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Be wise as thou art cruel; do not press Be as wise as you are cruel; do not test
My tongue-tied patience with too much disdain; My patient silence with too much disrespect;
Lest sorrow lend me words and words express In case sorrow forces me to speak and the words express
The manner of my pity-wanting pain. How my pain grew out of your lack of pity.
If I might teach thee wit, better it were, If I can give you some advice - it would be better,
Though not to love, yet, love, to tell me so; To tell me you love me, even though you do not,
As testy sick men, when their deaths be near, (I am like) those fretful sick men, nearing death,
No news but health from their physicians know; Who want to hear only about their recovery from their physicians.
For if I should despair, I should grow mad, For if I start to despair, I will go mad,
And in my madness might speak ill of thee: And in my madness I might speak ill of you;
Now this ill-wresting world is grown so bad, Now that this world, which sees only negative things, has become so evil,
Mad slanderers by mad ears believed be, Evil slanderers are believed by evil people.
That I may not be so, nor thou belied, So that I may not become such a slanderer, nor you be so slandered,
Bear thine eyes straight, though thy proud heart go wide. You must look straight ahead with your eyes, even though your heart may stray.

In sonnet 139, the poet makes a candid and humiliating plea to his cheating mistress, begging her to refrain from looking at other men when she is with him. The theme continues in sonnet 140, although the poet's tone is less docile. He is now afraid that the "tongue-tied" patience he has practiced thus far will give way to his baser feelings of contempt, disgust, and hurt (in the final couplet of sonnet 147 the poet can no longer contain these feelings) and he will lash out at the dark lady. Longing to be unaware of her infidelities, the poet implores his mistress to hide any evidence of her promiscuity, whether it be physical proof or emotional. She must not speak of other men, nor look at them as they pass by. He wants her to pretend that she loves only him. He is placing the mistress in charge of his reactions. Notice the stress Shakespeare places on the word "be" to enhance his desire for the dark lady to control the relationship: "Be wise" (1), believed, (12), belied (13), Bear (14). She will be completely responsible for his behaviour. Denial is a theme that permeates the twenty-four sonnets dealing with the dark lady, and, in the last few sonnets addressed to his mistress, the poet finally realizes that he must accept the futility of their affair.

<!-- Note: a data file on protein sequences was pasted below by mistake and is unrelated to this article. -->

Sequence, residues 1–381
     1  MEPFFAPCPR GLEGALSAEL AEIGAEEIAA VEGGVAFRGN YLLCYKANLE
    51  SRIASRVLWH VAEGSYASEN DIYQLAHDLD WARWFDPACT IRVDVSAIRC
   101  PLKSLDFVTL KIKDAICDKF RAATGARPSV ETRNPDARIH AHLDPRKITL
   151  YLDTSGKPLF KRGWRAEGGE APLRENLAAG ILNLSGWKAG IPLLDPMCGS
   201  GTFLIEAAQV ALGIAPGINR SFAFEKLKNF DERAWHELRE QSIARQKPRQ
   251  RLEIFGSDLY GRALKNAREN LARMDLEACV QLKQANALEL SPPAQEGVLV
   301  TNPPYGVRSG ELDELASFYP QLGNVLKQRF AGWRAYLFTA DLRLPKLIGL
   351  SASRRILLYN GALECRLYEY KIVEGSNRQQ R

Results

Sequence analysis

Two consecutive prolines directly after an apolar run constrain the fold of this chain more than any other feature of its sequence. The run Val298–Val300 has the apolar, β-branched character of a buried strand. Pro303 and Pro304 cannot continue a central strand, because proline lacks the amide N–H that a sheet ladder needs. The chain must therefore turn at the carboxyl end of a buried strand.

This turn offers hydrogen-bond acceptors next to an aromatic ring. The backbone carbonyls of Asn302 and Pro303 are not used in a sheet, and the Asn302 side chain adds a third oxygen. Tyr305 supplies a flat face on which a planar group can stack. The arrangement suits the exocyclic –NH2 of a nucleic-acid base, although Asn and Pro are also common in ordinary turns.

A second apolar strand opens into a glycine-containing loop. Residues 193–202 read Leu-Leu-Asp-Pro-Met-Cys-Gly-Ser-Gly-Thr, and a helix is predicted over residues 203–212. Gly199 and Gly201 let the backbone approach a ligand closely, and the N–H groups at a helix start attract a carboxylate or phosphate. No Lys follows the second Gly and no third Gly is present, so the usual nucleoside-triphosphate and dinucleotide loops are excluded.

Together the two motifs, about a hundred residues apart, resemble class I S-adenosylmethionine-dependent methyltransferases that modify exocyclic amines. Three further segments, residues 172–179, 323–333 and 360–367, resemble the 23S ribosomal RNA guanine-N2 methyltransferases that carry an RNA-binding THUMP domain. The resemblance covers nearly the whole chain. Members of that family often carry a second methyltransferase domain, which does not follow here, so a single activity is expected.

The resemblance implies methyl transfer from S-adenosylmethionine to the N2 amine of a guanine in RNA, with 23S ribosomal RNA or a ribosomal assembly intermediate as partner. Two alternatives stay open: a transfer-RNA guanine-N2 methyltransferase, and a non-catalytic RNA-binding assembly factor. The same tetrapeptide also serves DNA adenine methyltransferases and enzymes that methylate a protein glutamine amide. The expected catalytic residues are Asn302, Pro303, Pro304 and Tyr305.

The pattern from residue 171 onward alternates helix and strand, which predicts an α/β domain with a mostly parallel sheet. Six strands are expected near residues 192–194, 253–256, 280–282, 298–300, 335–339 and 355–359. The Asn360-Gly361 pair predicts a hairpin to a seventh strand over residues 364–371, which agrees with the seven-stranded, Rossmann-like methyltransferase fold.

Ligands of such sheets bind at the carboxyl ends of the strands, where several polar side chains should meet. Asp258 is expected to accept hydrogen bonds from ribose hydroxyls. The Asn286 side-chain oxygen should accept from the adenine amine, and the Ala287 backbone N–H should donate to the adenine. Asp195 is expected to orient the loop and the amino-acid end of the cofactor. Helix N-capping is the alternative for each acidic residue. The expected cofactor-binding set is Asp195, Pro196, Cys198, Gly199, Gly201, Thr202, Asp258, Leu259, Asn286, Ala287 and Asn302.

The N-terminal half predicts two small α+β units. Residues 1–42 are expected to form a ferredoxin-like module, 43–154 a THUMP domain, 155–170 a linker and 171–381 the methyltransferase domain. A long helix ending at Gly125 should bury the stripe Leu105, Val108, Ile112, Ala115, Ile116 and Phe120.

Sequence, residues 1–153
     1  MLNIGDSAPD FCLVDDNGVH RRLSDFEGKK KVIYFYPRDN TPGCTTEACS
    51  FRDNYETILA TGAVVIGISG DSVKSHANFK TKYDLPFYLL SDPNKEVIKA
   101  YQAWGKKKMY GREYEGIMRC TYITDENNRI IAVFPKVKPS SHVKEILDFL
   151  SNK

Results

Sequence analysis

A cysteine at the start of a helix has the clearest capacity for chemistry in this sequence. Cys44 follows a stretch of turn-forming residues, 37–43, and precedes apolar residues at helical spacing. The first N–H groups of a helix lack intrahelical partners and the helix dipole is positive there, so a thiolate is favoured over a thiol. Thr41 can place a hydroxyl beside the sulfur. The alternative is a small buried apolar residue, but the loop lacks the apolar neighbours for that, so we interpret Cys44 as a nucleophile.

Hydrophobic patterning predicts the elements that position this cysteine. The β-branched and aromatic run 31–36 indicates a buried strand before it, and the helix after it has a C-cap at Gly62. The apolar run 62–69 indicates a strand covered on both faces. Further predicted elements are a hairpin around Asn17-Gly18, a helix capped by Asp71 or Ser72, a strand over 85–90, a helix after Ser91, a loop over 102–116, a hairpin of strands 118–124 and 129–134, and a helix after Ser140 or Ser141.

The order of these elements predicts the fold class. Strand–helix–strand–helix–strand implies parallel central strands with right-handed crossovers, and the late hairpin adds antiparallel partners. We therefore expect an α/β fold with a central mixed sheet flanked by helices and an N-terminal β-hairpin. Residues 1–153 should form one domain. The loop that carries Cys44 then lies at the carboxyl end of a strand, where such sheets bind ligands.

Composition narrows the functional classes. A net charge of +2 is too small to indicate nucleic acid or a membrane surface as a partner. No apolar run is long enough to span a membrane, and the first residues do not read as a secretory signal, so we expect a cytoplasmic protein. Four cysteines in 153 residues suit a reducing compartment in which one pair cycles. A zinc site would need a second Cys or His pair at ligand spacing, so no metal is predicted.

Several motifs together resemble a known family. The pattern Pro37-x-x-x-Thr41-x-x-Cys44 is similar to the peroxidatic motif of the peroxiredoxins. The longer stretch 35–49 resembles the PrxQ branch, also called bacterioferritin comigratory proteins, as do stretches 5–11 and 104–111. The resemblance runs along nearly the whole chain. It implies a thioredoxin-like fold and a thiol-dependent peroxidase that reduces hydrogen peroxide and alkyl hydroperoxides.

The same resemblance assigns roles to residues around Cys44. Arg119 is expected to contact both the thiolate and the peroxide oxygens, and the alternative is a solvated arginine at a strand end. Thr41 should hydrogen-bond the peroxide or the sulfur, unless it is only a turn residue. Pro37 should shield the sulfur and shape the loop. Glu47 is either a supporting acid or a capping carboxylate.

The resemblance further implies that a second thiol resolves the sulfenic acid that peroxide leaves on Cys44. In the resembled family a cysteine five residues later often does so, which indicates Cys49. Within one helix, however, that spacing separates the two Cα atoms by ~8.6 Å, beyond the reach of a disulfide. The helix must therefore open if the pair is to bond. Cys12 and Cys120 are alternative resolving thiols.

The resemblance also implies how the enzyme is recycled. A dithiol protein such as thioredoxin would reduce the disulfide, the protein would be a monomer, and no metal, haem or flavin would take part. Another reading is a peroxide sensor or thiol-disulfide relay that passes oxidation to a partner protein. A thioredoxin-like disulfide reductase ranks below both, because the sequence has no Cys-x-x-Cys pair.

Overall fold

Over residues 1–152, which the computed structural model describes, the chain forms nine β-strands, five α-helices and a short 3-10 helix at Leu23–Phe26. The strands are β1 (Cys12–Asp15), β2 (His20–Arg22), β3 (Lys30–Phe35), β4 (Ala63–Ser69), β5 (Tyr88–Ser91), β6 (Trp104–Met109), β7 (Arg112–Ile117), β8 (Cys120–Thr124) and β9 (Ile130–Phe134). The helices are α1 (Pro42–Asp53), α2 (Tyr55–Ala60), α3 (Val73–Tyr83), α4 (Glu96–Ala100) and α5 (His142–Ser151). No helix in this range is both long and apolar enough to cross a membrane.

Love as a sickness is also a primary theme in sonnet 140, as it is in many of the dark lady sonnets. Notice Shakespeare's word choices: pain (4), sick, death (7), health, physicians (8), and ill (10). In sonnet 147, Shakespeare develops the idea that "reason" is "the physician to [his] love", i.e. the poet's reason acts as his doctor, advising him on the proper course of action.
How to Cite this Article
Mabillard, Amanda. Analysis of Shakespeare's Sonnet 140. Shakespeare Online. 2000. (day/month/year).

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